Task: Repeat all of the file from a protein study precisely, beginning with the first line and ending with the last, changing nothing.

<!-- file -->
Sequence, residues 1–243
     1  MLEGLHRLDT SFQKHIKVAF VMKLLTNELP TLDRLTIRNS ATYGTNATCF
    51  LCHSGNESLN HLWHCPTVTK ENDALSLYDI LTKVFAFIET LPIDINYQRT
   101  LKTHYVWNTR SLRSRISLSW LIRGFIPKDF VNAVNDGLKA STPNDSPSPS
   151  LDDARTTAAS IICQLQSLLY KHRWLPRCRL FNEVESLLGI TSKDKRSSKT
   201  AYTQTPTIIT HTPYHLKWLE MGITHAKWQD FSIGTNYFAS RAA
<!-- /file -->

Sequence, residues 1–243
     1  MLEGLHRLDT SFQKHIKVAF VMKLLTNELP TLDRLTIRNS ATYGTNATCF
    51  LCHSGNESLN HLWHCPTVTK ENDALSLYDI LTKVFAFIET LPIDINYQRT
   101  LKTHYVWNTR SLRSRISLSW LIRGFIPKDF VNAVNDGLKA STPNDSPSPS
   151  LDDARTTAAS IICQLQSLLY KHRWLPRCRL FNEVESLLGI TSKDKRSSKT
   201  AYTQTPTIIT HTPYHLKWLE MGITHAKWQD FSIGTNYFAS RAA